• Travel
    • Scotland
    • Hawaii
    • Japan
    • Canada
    • Utah
    • California
    • NYC
    • Florida
    • Idaho
  • Know who I am
  • Have my finances under control
  • Own a house
  • Kiss men
  • Fall in love
  • Have my heart broken
    • By a friend, not a boyfriend
  • Fall in love again
  • Introduce my family to "the guy"
  • Go through the temple
  • Get married
  • Have a baby
  • or two babies
  • Have my own family traditions established
  • Drive a car that works
    • Have my car totaled in a car accident
  • Move out of Utah
    • Fall in love with Utah
  • Live closer to my parents
  • Write something
  • Lose weight
  • Be important to someone
  • Have my health under control
    • Have surgery to remove an ovary
    • Go through cancer treatments
    • Lose my hair
    • Regrow my hair
  • Have family members go through cancer
  • Have lifelong friends
    • Watch lifelong friends move away
    • Have lifelong friends move back
  • Feel content and ready to leave my 20s behind

Monday, October 26, 2015

One Year

I passed the year mark of my surgery on September 19. Tomorrow will be the one-year mark from the day that I went in and discussed my chemotherapy just before I started treatments. (And then bawled in my car for a good 30 minutes before I could call my mom. FYI: NO ONE should go to those appointments alone. They are the worst.) As I hit these little anniversaries, I've been trying to be really introspective about it all.

What have I learned in this past year? What have I really experienced? Am I as strong as everyone keeps claiming I am, or have I just been really successful in deceiving them all?

The truth is, I feel like I'm a failure of a cancer survivor.

I'm only introspective because other people keep bringing it up. I don't feel like I've learned any major life lessons. I haven't developed lasting, supportive relationships with the women I worked out with for 12 weeks in a study up at Huntsman, or with the doctors and nurses who treated me. I tried really hard not to need anyone during the whole ordeal.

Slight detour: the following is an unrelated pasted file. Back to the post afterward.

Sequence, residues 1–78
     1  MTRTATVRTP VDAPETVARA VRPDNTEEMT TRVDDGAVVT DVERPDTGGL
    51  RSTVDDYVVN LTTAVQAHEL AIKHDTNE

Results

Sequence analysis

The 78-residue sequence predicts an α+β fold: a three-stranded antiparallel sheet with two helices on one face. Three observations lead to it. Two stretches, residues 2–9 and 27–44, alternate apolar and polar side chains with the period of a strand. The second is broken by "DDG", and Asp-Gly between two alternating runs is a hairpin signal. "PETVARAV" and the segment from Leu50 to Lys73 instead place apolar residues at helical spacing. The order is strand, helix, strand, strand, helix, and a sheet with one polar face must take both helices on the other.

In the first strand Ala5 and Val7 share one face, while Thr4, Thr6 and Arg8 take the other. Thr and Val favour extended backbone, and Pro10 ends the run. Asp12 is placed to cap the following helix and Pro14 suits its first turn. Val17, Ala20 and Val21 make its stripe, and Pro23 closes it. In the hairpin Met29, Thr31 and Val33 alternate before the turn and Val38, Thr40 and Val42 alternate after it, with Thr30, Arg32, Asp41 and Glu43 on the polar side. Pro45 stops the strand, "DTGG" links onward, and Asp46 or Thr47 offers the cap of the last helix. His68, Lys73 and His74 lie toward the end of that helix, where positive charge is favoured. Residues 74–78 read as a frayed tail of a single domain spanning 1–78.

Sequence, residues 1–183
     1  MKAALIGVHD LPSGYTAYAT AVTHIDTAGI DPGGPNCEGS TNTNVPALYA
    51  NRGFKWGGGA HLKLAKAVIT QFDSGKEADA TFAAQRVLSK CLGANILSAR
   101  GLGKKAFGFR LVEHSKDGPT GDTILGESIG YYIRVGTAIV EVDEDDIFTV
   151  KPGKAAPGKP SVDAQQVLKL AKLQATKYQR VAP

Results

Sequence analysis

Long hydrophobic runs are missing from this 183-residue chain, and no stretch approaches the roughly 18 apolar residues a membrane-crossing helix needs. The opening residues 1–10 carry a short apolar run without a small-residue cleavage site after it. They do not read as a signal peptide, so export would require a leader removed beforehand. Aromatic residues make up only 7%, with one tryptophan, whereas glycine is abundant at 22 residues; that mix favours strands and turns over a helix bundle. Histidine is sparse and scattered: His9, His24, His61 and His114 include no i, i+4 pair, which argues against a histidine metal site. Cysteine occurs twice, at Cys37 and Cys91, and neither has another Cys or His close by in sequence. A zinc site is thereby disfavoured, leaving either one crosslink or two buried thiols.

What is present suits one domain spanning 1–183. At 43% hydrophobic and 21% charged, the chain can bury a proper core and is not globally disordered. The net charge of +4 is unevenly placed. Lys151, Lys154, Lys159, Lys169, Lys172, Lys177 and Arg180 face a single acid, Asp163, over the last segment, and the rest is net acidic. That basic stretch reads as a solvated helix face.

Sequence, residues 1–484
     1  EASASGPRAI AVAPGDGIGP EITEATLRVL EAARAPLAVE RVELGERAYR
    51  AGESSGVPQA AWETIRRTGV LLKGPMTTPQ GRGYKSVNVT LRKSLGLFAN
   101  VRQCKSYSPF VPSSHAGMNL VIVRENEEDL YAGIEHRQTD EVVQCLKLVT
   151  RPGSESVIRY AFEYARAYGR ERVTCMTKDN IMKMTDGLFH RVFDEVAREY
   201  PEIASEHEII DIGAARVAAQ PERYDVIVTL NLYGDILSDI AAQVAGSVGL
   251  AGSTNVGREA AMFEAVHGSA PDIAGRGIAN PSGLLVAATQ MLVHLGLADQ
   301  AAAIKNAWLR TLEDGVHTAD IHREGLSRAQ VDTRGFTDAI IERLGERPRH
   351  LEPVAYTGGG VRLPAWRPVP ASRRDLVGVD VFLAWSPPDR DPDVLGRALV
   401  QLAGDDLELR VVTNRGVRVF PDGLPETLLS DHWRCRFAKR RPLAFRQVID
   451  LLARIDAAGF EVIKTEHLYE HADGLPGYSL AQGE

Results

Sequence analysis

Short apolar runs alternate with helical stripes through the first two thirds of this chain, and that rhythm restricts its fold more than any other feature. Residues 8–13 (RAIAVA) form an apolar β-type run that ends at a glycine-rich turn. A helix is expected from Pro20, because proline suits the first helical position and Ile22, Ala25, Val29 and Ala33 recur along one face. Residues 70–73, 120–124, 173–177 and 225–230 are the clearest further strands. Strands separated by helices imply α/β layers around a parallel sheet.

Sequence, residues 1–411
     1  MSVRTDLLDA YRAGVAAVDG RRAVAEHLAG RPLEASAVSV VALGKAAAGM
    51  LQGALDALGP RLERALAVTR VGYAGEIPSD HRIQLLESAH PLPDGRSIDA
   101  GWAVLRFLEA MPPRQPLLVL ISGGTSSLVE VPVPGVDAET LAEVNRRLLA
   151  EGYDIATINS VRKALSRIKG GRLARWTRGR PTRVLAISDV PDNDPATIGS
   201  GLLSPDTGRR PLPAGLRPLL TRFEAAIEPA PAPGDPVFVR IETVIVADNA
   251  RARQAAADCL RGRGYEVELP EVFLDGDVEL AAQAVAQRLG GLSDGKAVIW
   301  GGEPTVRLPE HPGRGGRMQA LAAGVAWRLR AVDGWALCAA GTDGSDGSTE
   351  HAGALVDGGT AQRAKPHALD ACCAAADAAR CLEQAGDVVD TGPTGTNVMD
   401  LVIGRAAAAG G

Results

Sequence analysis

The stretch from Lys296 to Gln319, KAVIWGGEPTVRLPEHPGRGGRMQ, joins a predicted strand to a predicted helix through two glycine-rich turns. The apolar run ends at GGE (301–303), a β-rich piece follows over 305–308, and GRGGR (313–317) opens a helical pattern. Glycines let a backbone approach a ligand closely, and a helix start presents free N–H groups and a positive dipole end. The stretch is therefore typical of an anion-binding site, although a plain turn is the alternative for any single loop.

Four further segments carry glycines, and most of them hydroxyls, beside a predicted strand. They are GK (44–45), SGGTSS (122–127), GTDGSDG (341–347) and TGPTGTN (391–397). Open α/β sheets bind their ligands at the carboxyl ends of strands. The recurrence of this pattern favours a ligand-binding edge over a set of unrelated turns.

I saw some friends that I hadn't seen in probably a year, and they asked how I was feeling. People ask me that all the time. Not in a "hey, how are you?" question that everyone asks everyone. But a "So. How are you feeling?" I know exactly what they mean, of course. But my health is never high on my list of concerns and so I don't think about it. Ever. Until someone asks, and then I don't want to think about it because I'm feeling fine. I'm tired because I didn't go to bed until 2 a.m. I'm lonely. I'm stressed because of work. But I'm not anything because of cancer.

I'm done with all of that. (Minus the millions of worthless follow-up appointments.)

I don't like being associated with cancer unless it is to my advantage. (Yeah, so what? I still try to play the cancer card when it suits me. Never mind that it hasn't worked for me much.)

For something that can be so earth-shattering and life-changing for some, has been a relative nothing for me. If it weren't for the fact that my hair is still the bane of my existence that I have to deal with every single morning, I think that I would literally forget that any of this happened a year ago. It would be on the radar the same as when I crushed my hand in a falling window. Or that time I checked in the hospital for bleeding to death. (A precursor to everything else I've dealt with turns out.) Something that sucked while I was going through it, but aside from the medical bills and follow-up appointments, has nothing to do with my day-to-day.

Every reason that I've come with as to why I had to go through all of this has been shot down as the year progressed. Did it fix any of the medical things I was dealing with before? No. Did it exempt my family from having to deal with cancer? No. So perhaps there is no reason, except that life sometimes sucks, and that we have to go through sucky things.

And then we're done with them. And they are a blip on the radar of life. Here, and then gone in a year. And in its wake leaving a path of insecurities, debts, and not a whole lot more. Something that you would totally forget, if others did.

Even when I was going through treatments, it was not always the highest on the list of woes in my life. When listing out the trials of my life, it usually landed on spot number two or three or four. (The exception being the second or third day after treatments, when I'd forgotten to take my Dex. Those days truly did suck.) Unlike so many true survivors, I never thought of myself as in a battle or as if I were fighting off cancer. I hate being grouped in with those who have had it so much worse. Who have tried treatment after treatment, only to find that their cancer morphed into something different and had to switch up their meds or add treatments. I lost an ovary. But the physical evidence is limited to a scar that no one will likely ever see, and the scar left behind by my port.

I also hate how much I care about my stupid hair. I'm obsessed with it. I talk about it all the time, but I hate whenever anyone else does. I hate what I see when I look in the mirror. I obsessively look at pictures from a year ago when I had long, blonde hair and cry over the fact that I'll be 32 before it looks anything close to that again. I hate that it matters. I want to want to embrace my short hair, and instead, I just get angry about it all.

So have I learned anything in the past year? Am I a better person? Have I grown? Am I really that strong? I think no. I remain me. Unchanged. Unhinged. Shorter hair.